The Palin pick was McCain's way of reigniting the culture war, a limited culture war, while not getting too directly involved in it. Depending on how it works out, it will be deemed a brilliant or disastrous strategy. At the very least, it is a risky one.
McCain's senior advisers have themselves admitted that Palin was picked to ensure a strong conservative turnout in such decisive battleground states as Florida, Ohio, Pennsylvania, and Wisconsin. She should also shore up traditionally Republican western states, including Colorado, which has shown signs of going Democratic. But if Palin draws too much attention to issues such as abortion, if the culture war heats up and comes to dominate discussion, there is a danger that she could weaken McCain's appeal not only to moderates within his own party but also to independents and conservative Democrats—in short, to the vast slice of American voters that decides national elections.
McCain's gambit tries to yoke together two seemingly irreconcilable strategies: on one hand, the Karl Rove-inspired strategy of energizing the base by emphasizing wedge issues (in this case, values issues); on the other, the moderate tack of winning the broad middle through a politics of consensus, reform, and pragmatism.
It will be considered a good trick if it works, of course. And some of the best young conservative thinkers (including Ross Douthat and Reihan Salam, authors of the recent Grand New Party: How Republicans Can Win the Working Class and Save the American Dream) argue that values issues are anything but a distraction from the economic concerns of nervous working people and a growing swath of the middle class. To such conservatives, McCain-Palin is just the ticket when it comes to driving home the connection between faith, values, strong families, and economic security.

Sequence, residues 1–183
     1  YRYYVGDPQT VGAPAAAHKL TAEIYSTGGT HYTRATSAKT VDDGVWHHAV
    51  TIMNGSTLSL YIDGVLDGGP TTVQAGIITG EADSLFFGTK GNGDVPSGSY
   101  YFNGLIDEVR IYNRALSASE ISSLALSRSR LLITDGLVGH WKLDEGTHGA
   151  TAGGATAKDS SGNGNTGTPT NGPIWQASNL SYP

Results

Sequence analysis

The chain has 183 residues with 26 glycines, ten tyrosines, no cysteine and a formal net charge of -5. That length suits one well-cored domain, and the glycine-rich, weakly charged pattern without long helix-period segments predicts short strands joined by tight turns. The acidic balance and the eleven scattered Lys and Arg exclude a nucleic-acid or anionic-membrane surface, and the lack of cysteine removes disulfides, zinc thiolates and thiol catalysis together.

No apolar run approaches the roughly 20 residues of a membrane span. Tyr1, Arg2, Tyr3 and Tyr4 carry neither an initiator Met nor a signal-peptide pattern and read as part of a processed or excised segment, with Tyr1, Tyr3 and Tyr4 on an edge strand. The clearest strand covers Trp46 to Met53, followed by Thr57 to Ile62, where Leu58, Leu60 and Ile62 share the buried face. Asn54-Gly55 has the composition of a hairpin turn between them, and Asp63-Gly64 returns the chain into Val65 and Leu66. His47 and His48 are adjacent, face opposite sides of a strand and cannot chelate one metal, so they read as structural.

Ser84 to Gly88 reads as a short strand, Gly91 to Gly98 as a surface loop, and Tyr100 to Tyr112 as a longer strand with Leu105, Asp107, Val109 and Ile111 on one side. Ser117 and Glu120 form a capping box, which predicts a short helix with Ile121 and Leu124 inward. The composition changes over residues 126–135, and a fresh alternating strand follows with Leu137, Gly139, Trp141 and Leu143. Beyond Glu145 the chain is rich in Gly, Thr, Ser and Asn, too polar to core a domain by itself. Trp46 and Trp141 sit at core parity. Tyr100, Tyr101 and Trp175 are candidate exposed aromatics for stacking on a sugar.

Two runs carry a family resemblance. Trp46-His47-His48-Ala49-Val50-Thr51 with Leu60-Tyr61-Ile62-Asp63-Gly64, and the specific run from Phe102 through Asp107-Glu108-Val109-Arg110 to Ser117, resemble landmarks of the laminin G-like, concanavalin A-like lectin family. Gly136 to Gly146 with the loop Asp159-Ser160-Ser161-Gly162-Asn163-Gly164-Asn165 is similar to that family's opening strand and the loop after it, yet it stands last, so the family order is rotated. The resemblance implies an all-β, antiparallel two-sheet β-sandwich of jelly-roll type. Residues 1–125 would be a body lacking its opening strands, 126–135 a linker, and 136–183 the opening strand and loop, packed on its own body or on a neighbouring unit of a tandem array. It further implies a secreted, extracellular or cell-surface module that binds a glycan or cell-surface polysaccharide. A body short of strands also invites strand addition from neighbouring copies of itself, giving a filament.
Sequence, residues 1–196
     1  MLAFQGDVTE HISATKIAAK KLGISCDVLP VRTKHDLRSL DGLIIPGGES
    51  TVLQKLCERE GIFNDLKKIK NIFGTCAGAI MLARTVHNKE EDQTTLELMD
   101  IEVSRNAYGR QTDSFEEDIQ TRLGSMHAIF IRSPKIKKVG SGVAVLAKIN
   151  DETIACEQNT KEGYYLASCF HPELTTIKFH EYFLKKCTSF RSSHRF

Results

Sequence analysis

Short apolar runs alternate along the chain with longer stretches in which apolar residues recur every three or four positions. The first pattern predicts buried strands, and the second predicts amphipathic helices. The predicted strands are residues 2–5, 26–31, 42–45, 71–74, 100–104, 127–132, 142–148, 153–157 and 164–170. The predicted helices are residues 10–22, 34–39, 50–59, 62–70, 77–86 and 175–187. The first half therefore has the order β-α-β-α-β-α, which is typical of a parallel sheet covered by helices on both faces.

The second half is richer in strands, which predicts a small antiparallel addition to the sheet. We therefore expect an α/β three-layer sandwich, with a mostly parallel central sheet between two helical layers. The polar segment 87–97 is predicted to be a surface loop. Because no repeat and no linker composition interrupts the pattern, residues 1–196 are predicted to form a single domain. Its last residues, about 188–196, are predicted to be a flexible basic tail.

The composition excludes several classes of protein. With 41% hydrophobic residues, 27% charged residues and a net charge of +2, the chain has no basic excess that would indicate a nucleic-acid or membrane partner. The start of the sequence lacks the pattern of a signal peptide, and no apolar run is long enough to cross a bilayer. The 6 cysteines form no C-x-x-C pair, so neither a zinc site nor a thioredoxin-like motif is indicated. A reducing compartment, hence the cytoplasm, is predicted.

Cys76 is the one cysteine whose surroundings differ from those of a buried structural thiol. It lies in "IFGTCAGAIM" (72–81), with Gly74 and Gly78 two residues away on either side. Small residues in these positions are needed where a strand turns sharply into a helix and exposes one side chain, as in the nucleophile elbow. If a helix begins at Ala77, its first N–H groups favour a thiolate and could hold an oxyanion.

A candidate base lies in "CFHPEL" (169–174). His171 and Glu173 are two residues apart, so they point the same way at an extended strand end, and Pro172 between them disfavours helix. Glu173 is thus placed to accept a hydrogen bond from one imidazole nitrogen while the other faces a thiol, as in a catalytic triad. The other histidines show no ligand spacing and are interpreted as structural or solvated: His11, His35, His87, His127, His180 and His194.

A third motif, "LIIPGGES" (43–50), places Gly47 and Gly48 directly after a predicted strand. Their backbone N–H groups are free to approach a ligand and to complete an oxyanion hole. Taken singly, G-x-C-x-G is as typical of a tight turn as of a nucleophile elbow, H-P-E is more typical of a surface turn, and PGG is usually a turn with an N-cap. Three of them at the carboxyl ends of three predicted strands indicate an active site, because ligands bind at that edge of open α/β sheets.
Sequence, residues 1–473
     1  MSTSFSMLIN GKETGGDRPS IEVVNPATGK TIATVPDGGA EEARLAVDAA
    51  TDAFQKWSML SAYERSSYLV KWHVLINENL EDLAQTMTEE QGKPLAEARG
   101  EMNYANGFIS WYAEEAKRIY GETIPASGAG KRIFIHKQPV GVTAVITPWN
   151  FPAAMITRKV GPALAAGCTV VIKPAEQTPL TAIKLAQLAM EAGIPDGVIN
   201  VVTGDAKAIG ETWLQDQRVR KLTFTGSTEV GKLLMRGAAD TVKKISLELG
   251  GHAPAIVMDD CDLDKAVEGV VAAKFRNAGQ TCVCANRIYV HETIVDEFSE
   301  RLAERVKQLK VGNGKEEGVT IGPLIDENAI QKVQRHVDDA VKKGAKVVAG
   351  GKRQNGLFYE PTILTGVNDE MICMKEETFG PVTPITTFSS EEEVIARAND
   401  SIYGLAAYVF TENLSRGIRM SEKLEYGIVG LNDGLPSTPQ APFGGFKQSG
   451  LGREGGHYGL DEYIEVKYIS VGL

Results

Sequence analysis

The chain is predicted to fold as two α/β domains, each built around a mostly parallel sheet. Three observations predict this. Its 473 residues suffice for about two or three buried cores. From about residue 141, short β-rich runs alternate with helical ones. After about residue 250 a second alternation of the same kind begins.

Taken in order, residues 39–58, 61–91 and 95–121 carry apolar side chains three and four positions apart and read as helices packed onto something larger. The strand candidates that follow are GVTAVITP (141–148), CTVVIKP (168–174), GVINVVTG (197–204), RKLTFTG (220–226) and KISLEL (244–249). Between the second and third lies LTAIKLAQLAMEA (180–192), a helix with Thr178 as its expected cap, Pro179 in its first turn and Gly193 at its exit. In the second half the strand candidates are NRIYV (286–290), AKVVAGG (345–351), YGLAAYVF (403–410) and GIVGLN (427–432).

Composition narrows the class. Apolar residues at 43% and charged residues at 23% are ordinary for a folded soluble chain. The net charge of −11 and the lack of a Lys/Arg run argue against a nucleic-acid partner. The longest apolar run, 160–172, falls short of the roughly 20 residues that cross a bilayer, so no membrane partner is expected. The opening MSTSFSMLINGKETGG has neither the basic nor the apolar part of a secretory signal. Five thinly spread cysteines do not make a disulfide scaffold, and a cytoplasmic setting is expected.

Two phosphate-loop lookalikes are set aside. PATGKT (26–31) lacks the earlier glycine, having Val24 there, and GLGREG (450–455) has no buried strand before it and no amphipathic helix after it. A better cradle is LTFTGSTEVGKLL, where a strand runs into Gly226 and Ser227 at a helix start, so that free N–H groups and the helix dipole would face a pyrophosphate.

But Democrats can point out that they had already absorbed that message. Consider Obama's emphasis on family-friendly policies, including faith-based initiatives, as well the new Democratic plank that aims to lower the demand for abortion by providing support to mothers who go to term. Democrats can argue that a culture war, even a somewhat limited one, only raises the rhetorical heat, making it another war that Americans cannot afford.